But this low had a secret silver lining for both of us.  Suddenly, we knew  what was wrong with our marriage.  It wasn't me, it wasn't him, it was a disease.  Knowing this provided such a sweet release of anger for us both.  No more finger pointing and bitterness.  Neither of us could imagine reconciliation, but a weight was lifted from the shoulders of our relationship and we knew that we could move forward as parents and friends.  We have ever since.     

    No matter what lies in our future, meeting my sweet Anthony (@cunningpike to my Twitter friends) was the highest high I've had since the birth of my children. For those who are unfamiliar with our story, Ant and I were "introduced" by a mutual friend on Twitter.  We were friends on Twitter for several months, never sharing details of our lives or personal struggles.  But slowly, slowly we opened up, shared the things one dares not speak of on Twitter, and we became close friends and more.  Months of talking on the phone and chatting online led to us finally meeting on neutral ground:  Las Vegas.  Our July trip was amazing.  We've seen each other three times since then and along the way I've met Thing 1 and Thing 2, Ant's Aunt Anna (I love to say that), and Uncle Jim.  Ant, bless him, has met my entire family, including my ex-husband.  This is good old-fashioned meant-to-be-type stuff. *blissful sigh*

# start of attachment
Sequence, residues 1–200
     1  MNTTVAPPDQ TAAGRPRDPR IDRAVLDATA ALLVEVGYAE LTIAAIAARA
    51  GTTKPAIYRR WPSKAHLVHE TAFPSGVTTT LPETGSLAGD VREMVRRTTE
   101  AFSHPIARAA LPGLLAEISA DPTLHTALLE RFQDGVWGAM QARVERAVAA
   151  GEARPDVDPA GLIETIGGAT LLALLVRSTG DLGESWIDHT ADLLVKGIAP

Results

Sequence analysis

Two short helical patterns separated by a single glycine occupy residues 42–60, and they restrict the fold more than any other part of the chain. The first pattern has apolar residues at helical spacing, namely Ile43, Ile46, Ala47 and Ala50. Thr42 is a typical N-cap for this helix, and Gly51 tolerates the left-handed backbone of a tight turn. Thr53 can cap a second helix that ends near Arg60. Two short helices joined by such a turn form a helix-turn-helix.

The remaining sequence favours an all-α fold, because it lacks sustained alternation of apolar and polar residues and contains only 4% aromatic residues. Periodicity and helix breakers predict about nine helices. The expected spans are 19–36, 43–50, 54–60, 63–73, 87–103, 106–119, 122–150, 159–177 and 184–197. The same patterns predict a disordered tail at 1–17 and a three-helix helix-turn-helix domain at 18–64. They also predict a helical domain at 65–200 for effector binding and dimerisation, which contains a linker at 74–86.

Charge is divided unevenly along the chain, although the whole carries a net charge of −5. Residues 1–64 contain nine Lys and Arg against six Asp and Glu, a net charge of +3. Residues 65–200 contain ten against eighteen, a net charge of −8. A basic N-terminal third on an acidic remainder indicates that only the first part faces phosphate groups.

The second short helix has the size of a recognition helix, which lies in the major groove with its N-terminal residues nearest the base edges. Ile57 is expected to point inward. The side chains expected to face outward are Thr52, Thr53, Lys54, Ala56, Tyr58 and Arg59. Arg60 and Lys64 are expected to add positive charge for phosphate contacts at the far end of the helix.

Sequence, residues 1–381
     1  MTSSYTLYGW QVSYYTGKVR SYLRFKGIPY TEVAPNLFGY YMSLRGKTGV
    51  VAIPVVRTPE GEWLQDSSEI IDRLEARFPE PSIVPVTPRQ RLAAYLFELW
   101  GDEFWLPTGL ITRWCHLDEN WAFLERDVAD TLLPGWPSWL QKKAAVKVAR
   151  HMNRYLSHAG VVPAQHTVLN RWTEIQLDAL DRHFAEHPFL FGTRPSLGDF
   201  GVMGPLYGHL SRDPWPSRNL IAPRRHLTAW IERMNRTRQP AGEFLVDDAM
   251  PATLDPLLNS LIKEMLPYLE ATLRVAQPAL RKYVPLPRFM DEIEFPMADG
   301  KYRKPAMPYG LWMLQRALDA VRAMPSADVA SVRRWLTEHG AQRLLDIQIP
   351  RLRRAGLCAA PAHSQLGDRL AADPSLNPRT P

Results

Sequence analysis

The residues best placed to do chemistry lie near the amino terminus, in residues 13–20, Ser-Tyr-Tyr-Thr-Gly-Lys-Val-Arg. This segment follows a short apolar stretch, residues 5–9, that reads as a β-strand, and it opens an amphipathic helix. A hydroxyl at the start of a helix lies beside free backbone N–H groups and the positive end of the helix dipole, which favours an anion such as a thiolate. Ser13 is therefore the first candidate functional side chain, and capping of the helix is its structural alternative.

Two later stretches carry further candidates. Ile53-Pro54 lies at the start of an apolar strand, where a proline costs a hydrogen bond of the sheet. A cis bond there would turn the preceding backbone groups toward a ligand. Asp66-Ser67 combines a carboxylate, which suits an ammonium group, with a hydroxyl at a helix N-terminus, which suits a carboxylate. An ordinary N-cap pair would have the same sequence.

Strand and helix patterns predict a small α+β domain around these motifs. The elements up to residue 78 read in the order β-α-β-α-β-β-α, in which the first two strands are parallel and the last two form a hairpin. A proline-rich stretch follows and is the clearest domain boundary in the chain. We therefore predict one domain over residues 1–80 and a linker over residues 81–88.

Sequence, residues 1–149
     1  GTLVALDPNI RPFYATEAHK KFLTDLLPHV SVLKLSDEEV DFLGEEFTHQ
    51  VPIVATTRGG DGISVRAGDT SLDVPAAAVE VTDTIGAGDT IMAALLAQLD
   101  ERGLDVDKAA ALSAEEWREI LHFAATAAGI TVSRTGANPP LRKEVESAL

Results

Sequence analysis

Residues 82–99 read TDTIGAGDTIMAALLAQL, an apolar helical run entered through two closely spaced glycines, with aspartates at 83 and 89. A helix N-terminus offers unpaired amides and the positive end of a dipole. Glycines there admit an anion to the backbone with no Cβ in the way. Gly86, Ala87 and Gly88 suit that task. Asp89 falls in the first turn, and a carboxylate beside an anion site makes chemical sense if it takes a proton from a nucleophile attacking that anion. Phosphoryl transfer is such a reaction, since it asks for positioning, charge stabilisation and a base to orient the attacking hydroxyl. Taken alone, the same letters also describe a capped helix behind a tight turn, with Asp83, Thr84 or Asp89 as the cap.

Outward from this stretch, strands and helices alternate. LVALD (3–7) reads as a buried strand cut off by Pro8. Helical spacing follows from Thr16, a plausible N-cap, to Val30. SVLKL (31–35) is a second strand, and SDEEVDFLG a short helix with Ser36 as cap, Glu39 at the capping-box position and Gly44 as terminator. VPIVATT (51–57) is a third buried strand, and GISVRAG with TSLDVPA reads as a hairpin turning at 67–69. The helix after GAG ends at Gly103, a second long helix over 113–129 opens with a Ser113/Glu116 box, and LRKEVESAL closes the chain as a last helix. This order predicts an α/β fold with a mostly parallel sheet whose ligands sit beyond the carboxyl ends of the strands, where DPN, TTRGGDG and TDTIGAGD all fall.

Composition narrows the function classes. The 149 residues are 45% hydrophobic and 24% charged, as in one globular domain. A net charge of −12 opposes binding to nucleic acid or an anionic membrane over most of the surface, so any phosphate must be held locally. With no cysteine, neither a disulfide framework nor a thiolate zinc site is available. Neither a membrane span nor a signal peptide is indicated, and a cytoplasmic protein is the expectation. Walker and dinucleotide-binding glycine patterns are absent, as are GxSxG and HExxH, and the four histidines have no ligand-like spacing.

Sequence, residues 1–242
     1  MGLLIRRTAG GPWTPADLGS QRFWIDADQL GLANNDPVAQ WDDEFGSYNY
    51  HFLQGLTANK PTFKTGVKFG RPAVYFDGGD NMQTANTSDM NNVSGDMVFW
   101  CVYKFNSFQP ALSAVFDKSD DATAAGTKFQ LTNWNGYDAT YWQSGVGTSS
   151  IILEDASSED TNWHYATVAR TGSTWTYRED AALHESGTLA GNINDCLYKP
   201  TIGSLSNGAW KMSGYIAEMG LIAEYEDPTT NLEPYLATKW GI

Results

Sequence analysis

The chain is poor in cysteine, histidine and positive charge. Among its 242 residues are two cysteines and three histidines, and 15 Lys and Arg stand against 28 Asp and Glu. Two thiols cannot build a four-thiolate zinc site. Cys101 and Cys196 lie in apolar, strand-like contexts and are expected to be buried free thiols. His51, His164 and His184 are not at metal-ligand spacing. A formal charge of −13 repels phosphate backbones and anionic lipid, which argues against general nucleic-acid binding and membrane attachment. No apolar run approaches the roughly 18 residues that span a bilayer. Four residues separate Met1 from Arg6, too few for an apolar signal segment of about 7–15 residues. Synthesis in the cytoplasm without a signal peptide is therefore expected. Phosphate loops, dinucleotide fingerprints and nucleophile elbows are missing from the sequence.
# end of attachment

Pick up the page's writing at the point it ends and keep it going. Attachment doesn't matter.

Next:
I lost two close friends as a result of my divorce.  You know, some people just can not sit by and watch a marriage fail, God bless them.  They have to swoop in, give their two cents worth, and hand over their judgment of the situation by saying things like, "I'm disappointed in you," and "This is not the Gail that I knew."  All I could say to that was, "Good bye."

    Across the last week of July and the beginning of August I took my boys on a 10 day camping trip through Michigan's beautiful Upper Peninsula.  We headed out alone in our 30' 1997 Yellowstone motor home.  It.  Was.  Perfect.  For those of you who have never been to the UP...words fail.  Water falls, hiking, Lake Superior, beaches, mines, scenic drives, forts and beautifully maintained state and national parks.  We had the time of our lives, and I know it is a trip that none of us will forget.